It was while I was talking to Jon of Fresh Fabrications that it all started to make sense. I’d been at Spin Ldn for a couple of hours by that point, and in my wanderings had noted that – compared to last year – there was little in the way of cycle fashion on display. Hold on, I thought. I thought this show was meant to be about cycling and looking good while doing so. Where’s the style?
And then Jon said something that made me look at the show afresh. I’d just confessed that the main reason why I’d like a custom bike – not that I can afford one – is so that I could have a bike that looked exactly how I wanted it to look. Rather than turning away in horror at my shallowness, Jon agreed with me. Looks are important, he said. Just like people dress a certain way to express themselves, people want a bike that says something about who they are.
And that’s when it hit me. Of course – it’s all about the bike.
Spin Ldn is certainly the place to go to if you’re after an original and innovative bike. Now into its second year – and third show – it is London’s only urban-focused cycling show. Located in the Truman Brewery, in the heart of cool Brick Lane, it’s designed to showcase some of the most progressive and original cycling brands around. Tapping into East London’s booming cycling culture, it literally oozes cool.
The show featured three rooms packed full of all things bike and bike-related: the main hall, with brands including Brooks, tokyobike and AOI.CYCLE; the Makers’ Lounge, featuring custom bike builders, such as Saffron Frameworks and the aforementioned Fresh Fabrications; and Speakers’ Corner, home to a number of bike-themed talks (not to mention some of the most anarchic Shakespeare I’ve ever seen, courtesy of the Handlebards).
I was taken by the number of bikes on display that had broken away from the traditional diamond shaped frame. Bikes like this one, from Dutch maker Vanhulsteijn: I loved how, with its smooth curves and fluid shapes, it completely reimagines what a bike looks like.
At the opposite end of the spectrum, there was this beauty by Tatts & Beards – a hand-crafted 60 inch penny farthing. As amazing as it looks, it’s probably not the most practical of bikes to ride (not least because I doubt my feet would reach the pedals).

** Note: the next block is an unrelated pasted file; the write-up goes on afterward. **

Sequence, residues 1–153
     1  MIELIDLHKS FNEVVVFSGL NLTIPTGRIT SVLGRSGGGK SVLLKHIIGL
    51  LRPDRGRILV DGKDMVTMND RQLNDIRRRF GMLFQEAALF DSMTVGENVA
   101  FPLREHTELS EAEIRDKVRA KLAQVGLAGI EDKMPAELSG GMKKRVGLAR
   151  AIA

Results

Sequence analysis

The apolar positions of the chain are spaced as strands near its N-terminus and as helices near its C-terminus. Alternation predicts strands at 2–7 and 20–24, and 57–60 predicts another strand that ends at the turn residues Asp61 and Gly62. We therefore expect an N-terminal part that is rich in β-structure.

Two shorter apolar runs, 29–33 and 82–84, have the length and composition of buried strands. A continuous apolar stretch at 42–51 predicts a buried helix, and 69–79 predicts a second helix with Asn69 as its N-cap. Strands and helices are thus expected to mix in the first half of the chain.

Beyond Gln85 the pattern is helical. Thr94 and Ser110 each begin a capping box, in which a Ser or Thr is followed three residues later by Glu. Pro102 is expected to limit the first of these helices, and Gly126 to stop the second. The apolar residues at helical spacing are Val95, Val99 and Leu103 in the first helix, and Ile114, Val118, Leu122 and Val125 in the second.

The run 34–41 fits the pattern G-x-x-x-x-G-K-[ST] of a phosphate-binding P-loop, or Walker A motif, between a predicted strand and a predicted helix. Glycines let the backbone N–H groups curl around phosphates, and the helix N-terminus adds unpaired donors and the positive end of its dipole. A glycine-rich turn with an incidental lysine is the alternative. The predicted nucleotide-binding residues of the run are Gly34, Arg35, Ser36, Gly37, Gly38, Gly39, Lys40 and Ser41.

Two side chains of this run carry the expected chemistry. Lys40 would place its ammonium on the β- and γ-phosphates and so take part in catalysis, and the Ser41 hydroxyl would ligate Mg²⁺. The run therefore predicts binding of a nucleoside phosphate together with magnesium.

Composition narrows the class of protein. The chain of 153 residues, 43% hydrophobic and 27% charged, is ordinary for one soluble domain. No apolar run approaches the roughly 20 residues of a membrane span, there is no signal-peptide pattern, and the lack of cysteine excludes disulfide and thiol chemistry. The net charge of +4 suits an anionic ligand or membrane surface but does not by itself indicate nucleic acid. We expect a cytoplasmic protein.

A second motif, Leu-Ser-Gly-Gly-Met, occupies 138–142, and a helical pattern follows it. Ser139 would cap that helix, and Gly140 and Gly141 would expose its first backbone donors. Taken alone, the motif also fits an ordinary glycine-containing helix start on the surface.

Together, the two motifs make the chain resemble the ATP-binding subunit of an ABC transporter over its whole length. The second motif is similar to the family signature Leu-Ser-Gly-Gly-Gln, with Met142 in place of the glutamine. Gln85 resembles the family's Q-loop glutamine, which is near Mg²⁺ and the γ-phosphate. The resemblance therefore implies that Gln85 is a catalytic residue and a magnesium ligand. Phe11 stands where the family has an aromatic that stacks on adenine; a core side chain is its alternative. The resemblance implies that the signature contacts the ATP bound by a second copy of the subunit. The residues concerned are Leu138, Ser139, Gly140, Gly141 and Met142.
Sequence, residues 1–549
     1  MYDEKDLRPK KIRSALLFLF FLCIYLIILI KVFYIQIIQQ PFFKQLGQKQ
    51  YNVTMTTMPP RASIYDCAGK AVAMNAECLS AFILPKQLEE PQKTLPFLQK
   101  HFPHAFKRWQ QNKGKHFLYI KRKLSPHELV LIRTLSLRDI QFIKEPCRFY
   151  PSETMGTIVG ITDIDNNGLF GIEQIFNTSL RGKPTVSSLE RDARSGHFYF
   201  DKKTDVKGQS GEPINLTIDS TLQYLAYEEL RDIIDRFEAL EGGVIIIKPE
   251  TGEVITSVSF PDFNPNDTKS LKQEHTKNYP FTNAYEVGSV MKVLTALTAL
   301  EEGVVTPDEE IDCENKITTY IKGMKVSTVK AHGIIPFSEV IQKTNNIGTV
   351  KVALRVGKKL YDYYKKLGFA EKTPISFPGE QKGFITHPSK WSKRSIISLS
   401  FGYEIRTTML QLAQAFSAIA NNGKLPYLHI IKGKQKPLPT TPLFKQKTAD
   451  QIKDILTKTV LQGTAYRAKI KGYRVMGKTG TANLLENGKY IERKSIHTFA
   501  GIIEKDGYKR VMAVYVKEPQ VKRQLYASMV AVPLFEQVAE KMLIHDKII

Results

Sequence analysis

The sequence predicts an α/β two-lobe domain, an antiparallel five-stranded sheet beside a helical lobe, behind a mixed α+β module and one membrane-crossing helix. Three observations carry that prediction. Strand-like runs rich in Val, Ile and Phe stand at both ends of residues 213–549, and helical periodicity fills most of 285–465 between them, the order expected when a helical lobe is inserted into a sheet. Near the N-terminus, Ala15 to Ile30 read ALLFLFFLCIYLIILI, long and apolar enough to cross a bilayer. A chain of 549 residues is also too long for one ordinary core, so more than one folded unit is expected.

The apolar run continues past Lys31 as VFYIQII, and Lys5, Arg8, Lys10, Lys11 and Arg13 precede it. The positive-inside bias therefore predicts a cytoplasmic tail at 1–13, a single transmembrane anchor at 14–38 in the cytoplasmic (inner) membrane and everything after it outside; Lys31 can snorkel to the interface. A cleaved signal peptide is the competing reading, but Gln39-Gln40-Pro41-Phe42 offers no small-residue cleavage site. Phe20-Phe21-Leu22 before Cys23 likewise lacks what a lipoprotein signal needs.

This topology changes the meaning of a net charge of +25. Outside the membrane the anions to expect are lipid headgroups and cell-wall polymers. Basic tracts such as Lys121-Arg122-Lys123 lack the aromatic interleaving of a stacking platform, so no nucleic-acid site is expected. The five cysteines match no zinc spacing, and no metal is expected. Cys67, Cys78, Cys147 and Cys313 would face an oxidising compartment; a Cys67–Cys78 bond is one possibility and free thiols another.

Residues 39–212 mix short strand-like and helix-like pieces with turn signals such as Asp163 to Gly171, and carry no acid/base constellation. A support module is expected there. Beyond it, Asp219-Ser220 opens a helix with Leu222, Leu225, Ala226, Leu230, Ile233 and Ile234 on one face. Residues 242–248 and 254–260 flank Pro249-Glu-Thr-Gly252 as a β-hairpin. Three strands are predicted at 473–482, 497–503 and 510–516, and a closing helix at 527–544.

then promptly lost it again to this blue number:
Though the bikes were the focus of the show, there was of course more to it than that. Being a bit of a girl, I was interested in the pretty things on display – such as these lovely bags by Serin, Lflect’s pretty and reflective accessories, Tracey Neuls’ stylish yet amazingly comfy shoes and Stich-mi-Lane‘s cuddly cushions. Catherine of Hill and Ellis was there with her gorgeous pannier bags – now endorsed by Jon Snow, no less – as was Jacqui of Goodordering, who’d brought her tricycle along.
After visiting last year’s show, I wrote that one of the things I liked about it was the energy of it – the sense of something that was growing and developing. This year’s show, by comparison, felt as though it had come of age. Not only was it in a bigger space, I also sensed – with the range of brands on display, from new start-ups to established names, and from top-of-the-range custom bikes, to slightly less expensive hand-built bikes – a greater confidence. This was perhaps reflected in some of the prices, but that’s hardly surprising – individuality, originality and craftsmanship don’t come cheap.
I may not have been able to afford anything at Spin Ldn, but I certainly came away dreaming of beautiful bikes. Because, in the end, it really is all about the bike.